Temperament and Disposition

AJW, the ultra philosopher, takes a look at the temperaments and dispositions that go into making a successful ultrarunner.

By on November 18, 2011 | Comments

AJWs TaproomGrowing up in a progressive household my parents taught me to always understand the difference between temperament and disposition. As I’ve developed as a person and as a runner this distinction has allowed me to grow and accept who I am and what I want to be. It’s an interesting comparison and one that deserves a deeper dive.

Temperament is, simply, the way we are when we come out. And often, it is said, that if you come out looking around and seeing the gloomy side of life you’ll end up, 84 years or so later, going into the ground with a gloomy view of life. It’s simple, I know, but true nonetheless, just ask my Uncle Kenny.

The Anthroposophists, who founded Waldorf Education and have created a thriving educational industry based on temperament, identify four essential temperaments that are part of human experience and are, for better or worse, the way we’re wired. To make understanding these a bit more simple for people such as myself, there is, of course, a story refined over the years and designed to exemplify the ideal:

The Choleric, the Melancholic, the Sanguine, and the Phlegmatic are walking along one day when they encounter a large brick wall, about 12 feet high, in their path. The Choleric, quickly and without hesitation, proceeds to bash the wall mercilessly and without restraint in an attempt to forge through to the other side. The Melancholic, sighs, shakes his head, sits on the ground, and proceeds to sob, forlorn over the fact that his journey has been thwarted and resigned to a life on this side of the wall. The Sanguine, upon seeing the wall, says, simply, “Well, things are pretty good here on this side of the wall, it’s green, the flowers are growing and there’s food. Let’s have a picnic.” And the Phlegmatic, he pauses, a bit longer than most, reflects, and methodically, through a measured process of trial an error, works to find a way through, over, around, and under the wall.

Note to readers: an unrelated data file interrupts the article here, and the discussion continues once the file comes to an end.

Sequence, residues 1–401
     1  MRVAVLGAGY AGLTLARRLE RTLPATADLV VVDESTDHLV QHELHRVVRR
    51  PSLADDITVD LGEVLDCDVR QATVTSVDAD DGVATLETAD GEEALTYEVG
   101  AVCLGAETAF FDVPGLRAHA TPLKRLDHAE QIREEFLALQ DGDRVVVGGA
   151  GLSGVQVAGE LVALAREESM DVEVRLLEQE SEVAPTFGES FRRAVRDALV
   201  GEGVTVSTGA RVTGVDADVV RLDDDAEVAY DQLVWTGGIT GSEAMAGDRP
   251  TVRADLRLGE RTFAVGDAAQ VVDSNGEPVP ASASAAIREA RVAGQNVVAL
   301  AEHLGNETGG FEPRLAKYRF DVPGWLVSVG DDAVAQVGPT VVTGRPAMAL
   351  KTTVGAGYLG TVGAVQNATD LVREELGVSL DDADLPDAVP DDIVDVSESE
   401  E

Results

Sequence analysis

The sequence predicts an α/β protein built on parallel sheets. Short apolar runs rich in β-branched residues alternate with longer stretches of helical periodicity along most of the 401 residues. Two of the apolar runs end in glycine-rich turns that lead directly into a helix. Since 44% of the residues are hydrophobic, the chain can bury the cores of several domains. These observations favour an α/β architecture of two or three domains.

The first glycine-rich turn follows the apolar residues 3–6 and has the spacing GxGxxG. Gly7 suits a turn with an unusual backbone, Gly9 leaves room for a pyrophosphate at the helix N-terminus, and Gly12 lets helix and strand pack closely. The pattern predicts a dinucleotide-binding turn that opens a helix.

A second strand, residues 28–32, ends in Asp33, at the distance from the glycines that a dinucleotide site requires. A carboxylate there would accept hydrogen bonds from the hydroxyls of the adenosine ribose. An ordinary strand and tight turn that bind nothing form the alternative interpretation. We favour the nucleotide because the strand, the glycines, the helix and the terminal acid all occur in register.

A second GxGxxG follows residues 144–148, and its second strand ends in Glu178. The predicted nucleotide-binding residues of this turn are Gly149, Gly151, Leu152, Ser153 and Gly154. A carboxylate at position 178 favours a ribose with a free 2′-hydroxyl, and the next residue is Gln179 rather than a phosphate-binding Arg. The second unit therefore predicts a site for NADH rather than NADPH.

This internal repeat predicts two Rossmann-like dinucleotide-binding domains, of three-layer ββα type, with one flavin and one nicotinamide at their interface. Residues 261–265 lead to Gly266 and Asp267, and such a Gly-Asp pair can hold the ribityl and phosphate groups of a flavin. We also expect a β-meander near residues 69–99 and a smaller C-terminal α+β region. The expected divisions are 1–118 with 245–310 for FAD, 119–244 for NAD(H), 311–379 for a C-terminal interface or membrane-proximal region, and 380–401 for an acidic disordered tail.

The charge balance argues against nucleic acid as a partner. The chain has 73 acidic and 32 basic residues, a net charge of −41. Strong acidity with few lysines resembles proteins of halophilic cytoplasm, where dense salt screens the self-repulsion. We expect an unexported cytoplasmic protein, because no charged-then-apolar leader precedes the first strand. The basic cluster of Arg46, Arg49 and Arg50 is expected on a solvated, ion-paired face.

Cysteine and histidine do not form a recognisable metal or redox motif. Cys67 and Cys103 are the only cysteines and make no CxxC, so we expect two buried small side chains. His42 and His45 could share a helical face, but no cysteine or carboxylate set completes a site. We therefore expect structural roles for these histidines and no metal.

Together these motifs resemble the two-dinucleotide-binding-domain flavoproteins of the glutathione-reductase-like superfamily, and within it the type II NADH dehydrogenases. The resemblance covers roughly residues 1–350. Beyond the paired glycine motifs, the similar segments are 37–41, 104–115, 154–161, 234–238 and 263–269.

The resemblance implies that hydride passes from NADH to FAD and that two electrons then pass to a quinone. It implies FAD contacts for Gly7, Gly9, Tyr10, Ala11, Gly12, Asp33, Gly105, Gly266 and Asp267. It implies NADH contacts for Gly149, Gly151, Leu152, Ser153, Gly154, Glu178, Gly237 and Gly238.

In this context, you can probably identify with one (or more) of these temperaments and, with a little soul-searching and perhaps an over-a-beer chat with a spouse/significant other, can nod your head knowingly in your understanding of who you are and who you are not. Regardless, don’t worry, there’s still hope.

As ultrarunners, what do you think? Which temperament is best suited for the journey around the San Juans on the second weekend in July or a trip along the Wasatch Front in September? I suppose a case could be made, in one way or another, for all four, but, in the end, that doesn’t matter much because that’s just our wiring.

What about the nurture side of the equation?

What about our disposition?

That is the lesson I didn’t learn until I started running. And, it’s made all the difference.